Have you always wondered what it means to be a feminist? Then this is the course for you; A basic introduction to feminist theories and practices both historically and contemporarily. Reading and discussing seminal texts, engaging with depictions of feminists (both in popular culture and other forms), and exploring feminist activism will introduce students to the intersection of theory, representation, and practice.
This course will not only familiarize students with the foundational works of feminist theory, but also equip them with the tools to think critically about key issues such as the public/private divide, sex/gender debate, gendered labor, reproductive rights, feminist political economy, and queer theory. Upon familiarization with key theories/theorists, we will delve into the practice of feminism through personal and public politics, activism, less academic writings and fiction, social media, mass media, and popular culture.
The holistic goal of this course is for each of us to gain a deeper understanding of the historical roots and contemporary manifestations of feminist thought and practice. What has it meant historically to identify as a feminist? How have the issues addressed by feminism changed over the ages? Why and how has feminism become a dirty word? How are feminists depicted (and even maligned) in popular culture?
By engaging this process of exploration and reflection through a conscientious, nuanced, and purposeful feminist framework, we will also open ourselves to understanding the impact of gender construction and variant articulations of feminism as issues that concern us all equally. This concern will hopefully present itself as a matter of personal and intellectual responsibility that will stay with each of us for a lifetime.
Students in this course will:
• Read, write, and speak carefully, conscientiously, and with critical application of the terms and concepts discussed in the course and introduced in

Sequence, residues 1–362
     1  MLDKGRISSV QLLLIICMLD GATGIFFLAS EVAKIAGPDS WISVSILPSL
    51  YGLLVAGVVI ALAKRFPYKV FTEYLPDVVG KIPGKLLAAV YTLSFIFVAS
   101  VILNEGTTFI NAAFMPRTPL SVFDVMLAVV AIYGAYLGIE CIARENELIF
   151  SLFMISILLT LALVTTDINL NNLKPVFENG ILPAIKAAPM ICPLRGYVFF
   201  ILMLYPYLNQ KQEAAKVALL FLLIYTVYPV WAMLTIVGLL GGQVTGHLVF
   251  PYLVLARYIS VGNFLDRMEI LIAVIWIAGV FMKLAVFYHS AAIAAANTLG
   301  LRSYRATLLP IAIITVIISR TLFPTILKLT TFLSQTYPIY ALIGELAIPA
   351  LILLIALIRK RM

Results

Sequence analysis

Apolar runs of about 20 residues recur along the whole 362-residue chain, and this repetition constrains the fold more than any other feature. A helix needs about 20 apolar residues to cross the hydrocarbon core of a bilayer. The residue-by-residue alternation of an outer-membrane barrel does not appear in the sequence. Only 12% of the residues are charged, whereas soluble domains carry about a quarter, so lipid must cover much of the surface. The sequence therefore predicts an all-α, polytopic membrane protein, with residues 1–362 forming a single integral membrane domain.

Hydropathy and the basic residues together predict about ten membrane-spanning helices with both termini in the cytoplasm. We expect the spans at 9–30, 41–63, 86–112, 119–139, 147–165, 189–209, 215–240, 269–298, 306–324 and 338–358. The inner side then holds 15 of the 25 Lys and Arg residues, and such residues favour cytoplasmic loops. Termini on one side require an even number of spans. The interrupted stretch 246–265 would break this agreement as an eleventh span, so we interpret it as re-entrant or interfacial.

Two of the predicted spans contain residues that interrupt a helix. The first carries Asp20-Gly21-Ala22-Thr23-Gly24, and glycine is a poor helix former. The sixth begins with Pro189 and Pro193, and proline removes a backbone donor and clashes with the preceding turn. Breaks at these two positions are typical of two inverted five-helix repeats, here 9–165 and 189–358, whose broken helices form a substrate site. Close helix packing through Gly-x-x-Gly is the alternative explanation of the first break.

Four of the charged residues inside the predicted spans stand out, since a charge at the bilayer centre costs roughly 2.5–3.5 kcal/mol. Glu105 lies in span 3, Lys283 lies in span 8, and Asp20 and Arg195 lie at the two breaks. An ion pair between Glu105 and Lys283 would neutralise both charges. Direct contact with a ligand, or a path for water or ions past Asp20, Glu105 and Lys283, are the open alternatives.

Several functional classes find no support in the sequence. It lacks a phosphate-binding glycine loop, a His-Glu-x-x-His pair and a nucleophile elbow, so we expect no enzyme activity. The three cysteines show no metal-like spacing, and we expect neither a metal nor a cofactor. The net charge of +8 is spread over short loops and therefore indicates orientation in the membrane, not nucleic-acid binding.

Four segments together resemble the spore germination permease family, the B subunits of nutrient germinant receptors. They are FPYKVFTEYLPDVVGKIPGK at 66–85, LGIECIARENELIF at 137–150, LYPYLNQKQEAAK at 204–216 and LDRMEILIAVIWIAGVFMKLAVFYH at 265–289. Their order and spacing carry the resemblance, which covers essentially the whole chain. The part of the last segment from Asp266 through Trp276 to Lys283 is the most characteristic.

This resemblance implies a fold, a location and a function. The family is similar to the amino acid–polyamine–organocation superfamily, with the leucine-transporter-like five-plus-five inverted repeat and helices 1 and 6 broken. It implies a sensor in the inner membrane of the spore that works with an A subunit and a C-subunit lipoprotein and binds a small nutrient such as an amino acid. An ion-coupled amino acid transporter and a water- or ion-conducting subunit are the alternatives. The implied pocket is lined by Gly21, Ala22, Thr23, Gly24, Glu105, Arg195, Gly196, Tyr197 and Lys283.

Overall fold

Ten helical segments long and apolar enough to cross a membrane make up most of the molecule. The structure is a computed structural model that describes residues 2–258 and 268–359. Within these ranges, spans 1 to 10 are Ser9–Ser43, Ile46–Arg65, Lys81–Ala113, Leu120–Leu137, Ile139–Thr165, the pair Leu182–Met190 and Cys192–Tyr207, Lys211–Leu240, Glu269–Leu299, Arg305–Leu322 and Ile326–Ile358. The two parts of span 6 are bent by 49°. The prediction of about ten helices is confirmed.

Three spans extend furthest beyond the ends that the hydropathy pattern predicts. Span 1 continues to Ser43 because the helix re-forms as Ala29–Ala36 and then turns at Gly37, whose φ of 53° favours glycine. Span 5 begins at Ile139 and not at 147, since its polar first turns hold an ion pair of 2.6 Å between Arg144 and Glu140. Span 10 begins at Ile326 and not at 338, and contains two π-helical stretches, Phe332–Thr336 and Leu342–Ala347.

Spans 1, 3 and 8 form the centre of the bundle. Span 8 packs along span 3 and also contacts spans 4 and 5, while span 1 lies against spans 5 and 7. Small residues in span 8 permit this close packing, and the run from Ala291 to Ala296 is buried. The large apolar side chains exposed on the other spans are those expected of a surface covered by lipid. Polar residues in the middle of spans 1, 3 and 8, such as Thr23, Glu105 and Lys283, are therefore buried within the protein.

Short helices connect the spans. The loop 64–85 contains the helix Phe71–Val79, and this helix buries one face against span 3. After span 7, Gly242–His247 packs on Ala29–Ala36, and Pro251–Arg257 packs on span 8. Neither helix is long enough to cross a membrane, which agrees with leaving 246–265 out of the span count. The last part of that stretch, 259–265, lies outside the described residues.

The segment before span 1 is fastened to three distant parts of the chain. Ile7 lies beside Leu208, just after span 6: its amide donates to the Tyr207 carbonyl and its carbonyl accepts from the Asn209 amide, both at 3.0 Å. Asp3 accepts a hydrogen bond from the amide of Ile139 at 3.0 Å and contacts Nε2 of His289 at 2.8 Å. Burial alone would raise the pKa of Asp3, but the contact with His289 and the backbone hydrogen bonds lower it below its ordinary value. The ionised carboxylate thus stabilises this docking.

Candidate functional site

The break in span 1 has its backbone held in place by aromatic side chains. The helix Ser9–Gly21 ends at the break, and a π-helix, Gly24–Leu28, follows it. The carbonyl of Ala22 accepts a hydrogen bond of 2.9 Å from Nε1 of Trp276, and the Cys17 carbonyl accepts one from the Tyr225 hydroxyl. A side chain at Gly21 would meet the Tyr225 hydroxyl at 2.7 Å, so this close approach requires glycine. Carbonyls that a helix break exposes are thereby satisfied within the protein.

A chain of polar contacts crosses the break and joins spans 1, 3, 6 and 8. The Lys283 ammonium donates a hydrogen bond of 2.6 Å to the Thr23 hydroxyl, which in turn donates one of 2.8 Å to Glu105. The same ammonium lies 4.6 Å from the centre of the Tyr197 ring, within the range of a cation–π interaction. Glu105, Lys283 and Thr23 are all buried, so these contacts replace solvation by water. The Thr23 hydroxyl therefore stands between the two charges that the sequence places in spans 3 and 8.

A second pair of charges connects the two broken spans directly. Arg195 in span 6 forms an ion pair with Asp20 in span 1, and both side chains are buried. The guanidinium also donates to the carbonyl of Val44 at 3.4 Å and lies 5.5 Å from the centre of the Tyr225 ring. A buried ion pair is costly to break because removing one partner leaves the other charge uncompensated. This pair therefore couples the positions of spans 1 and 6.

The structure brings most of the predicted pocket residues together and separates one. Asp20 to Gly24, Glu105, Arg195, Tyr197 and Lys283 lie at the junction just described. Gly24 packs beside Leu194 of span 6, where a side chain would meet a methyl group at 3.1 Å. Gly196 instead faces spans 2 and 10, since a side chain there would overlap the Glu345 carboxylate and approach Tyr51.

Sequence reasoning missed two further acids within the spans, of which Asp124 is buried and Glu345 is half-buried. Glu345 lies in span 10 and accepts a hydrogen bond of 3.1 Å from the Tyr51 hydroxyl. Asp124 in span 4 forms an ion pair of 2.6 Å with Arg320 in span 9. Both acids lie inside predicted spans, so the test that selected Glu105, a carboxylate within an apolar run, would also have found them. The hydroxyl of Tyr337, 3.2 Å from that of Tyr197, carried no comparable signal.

• Understand and explain the importance of seminal theoretical texts while also engaging with popular culture especially in relation to gender and
• To understand the ways in which women contemporarily (inclusive of all classes, ages, races, sexualities, ethnicities) are affected by U.S. culture,
institutions, and society.
• To understand women as a diverse body of people with differing historical and lived experiences.
• Understand and demonstrate functional knowledge of feminist scholarship on popular culture and gender through verbal and written analysis of
popular culture. .
• Make practical application of these theories to understand and critique depictions of feminists/feminism in the media.
• Critically analyze the successes and failures of feminist political interventions through the ages.
• To understand how and why gender shapes theories, methodologies, and modes of inquiry.
• Produce original exploratory and analytical response papers, to develop clear, articulate, and grammatically correct assignments that respond to
• Utilize class discussions as a platform for interrogating and understanding theories.
Prerequisites: Though no particular prior knowledge is required, having read Margaret Atwood's "The Handmaid's Tale" would be excellent preparation for the course. Rising High School juniors and seniors preferred, along with open-mind and willingness to learn and engage with others in an honest and respectful manner.
Brown’s Pre-College Program in the liberal arts and sciences, offering over 200 non-credit courses, one- to four-weeks long, taught on Brown’s campus. For students completing grades 9-12 by June 2019.Visit Program Page Learn How to Apply